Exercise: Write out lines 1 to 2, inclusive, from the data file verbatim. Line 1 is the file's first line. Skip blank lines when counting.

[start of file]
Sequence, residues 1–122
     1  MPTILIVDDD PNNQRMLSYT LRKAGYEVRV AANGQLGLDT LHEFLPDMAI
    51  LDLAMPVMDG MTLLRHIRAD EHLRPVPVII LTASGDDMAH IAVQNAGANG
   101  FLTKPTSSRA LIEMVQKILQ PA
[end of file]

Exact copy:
Sequence, residues 1–122
     1  MPTILIVDDD PNNQRMLSYT LRKAGYEVRV AANGQLGLDT LHEFLPDMAI